Mum’s recipes a hit, Dad right about cars

Tony and Margaret Baker. PHOTO: SUPPLIED
Tony and Margaret Baker. PHOTO: SUPPLIED
Epidemiologist Dr Michael Baker talks about parental advice he received, and sometimes listened to. 

What is your dad or mum’s name? What did they do?

My mother was Margaret Baker. She was an office manager, who became a home manager for many years as she raised her four children.

My father was Tony Baker. He was a company representative for a large paper company and later became a newspaper and printing company manager.

What is the best/worst advice your dad (or mum) gave you?

In my experience, most advice is both good and bad.

Advice from my mother:

Michael Baker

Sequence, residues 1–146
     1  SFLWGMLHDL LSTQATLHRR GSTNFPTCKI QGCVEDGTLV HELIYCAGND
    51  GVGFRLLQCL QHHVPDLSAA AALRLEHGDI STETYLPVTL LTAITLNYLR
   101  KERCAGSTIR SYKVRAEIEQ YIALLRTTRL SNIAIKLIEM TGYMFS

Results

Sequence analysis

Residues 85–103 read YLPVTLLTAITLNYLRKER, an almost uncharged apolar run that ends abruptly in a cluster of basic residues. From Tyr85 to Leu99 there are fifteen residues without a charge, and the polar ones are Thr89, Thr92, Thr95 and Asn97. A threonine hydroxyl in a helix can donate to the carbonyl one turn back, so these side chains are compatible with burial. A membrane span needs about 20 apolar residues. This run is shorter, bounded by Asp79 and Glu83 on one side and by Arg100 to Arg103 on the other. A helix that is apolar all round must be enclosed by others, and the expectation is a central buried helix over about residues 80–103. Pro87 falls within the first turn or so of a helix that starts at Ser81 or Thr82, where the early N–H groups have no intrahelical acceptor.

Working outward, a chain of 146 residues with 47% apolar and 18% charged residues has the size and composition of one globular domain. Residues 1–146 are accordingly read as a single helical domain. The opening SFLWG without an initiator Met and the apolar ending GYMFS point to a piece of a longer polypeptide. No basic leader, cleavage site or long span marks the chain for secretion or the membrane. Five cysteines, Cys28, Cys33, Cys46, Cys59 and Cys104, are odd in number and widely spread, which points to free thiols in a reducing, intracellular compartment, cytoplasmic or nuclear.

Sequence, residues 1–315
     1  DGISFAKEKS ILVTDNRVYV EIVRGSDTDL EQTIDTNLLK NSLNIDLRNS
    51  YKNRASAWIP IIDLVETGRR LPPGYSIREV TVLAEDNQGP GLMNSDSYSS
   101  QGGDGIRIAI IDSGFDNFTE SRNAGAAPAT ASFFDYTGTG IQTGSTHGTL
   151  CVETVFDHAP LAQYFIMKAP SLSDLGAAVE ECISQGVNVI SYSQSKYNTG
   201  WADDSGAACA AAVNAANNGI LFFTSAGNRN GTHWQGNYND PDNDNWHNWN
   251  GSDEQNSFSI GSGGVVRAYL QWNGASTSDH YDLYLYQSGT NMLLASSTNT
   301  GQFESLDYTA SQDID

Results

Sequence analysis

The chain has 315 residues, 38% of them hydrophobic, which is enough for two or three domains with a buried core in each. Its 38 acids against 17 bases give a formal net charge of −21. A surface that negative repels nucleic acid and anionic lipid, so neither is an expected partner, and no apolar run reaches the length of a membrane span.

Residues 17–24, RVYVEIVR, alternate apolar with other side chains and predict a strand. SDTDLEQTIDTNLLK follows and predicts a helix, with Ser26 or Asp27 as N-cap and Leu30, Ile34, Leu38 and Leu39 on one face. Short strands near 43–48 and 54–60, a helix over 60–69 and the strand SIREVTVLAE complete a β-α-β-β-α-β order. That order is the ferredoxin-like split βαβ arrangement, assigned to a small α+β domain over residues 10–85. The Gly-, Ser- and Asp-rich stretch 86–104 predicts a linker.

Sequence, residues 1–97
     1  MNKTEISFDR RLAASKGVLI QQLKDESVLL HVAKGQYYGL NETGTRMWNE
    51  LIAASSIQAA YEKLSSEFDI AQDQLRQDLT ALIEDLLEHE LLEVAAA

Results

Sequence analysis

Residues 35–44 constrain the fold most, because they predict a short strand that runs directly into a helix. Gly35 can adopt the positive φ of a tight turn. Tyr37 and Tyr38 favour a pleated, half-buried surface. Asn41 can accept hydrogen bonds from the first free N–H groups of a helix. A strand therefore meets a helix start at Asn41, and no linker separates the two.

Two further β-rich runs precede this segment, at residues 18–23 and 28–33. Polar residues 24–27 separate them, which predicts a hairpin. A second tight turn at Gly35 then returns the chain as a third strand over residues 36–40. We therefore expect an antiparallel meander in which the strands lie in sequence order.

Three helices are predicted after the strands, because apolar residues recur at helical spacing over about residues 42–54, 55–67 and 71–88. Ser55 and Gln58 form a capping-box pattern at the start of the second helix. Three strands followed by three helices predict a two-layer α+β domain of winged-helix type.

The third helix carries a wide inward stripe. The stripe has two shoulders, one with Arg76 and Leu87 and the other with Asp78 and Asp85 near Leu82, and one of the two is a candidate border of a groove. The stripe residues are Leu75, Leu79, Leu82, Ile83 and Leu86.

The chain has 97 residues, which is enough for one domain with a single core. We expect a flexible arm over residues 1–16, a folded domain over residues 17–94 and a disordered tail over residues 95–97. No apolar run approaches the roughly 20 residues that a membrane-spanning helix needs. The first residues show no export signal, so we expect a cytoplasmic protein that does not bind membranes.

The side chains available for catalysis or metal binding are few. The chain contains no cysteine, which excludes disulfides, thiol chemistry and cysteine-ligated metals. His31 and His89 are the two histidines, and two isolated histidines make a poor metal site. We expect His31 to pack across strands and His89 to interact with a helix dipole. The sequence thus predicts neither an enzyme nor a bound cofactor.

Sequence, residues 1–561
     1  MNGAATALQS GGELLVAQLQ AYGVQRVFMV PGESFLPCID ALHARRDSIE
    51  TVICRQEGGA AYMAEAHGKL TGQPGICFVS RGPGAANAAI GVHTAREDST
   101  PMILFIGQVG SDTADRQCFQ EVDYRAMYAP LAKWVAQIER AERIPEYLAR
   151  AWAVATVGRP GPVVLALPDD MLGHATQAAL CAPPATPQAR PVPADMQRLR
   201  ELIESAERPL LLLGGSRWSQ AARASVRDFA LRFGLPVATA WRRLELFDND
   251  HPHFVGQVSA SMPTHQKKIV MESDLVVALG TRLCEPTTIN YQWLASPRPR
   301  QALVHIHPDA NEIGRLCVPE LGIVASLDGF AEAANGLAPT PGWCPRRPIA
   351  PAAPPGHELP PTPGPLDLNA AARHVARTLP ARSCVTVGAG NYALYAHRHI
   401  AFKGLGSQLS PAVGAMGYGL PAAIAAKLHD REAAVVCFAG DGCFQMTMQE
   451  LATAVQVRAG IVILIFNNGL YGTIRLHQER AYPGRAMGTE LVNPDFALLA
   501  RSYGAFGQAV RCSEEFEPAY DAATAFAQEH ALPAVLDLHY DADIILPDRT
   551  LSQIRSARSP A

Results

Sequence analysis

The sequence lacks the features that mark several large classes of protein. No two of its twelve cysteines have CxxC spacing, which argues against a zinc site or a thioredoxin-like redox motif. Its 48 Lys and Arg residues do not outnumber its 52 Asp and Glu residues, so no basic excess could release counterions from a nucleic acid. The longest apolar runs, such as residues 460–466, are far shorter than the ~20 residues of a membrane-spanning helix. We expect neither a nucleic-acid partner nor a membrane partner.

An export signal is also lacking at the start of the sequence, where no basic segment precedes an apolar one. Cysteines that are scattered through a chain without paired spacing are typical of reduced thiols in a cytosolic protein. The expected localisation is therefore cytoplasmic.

Michael Baker
When her three sons left home, she gave each of us a handwritten set of 10 recipes for one-pot meals based on sausages. These worked well for my early flatting years in Auckland and were a big hit with my flatmates.

But they did not prepare me for moving into a large vegetarian house (with 20 residents) and I had to switch to lentils.

I stopped eating meat and have never eaten it again, though I still like the smell of sausages cooking on the barbecue.

Advice from my father:

Never buy an old car and always buy Japanese.

I did the opposite and bought a series of old cars including a 1957 Nash Metropolitan convertible, an early 1960s Citroen Safari, a 1965 Ford Falcon Futura, and later a 1990 Saab 900.

My father was right. All these cars were expensive disasters, but I loved driving them during the rare moments that they were running smoothly.

Now I ride a bicycle and life is better, though I could not part with my old Nash Metropolitan which I have kept in storage.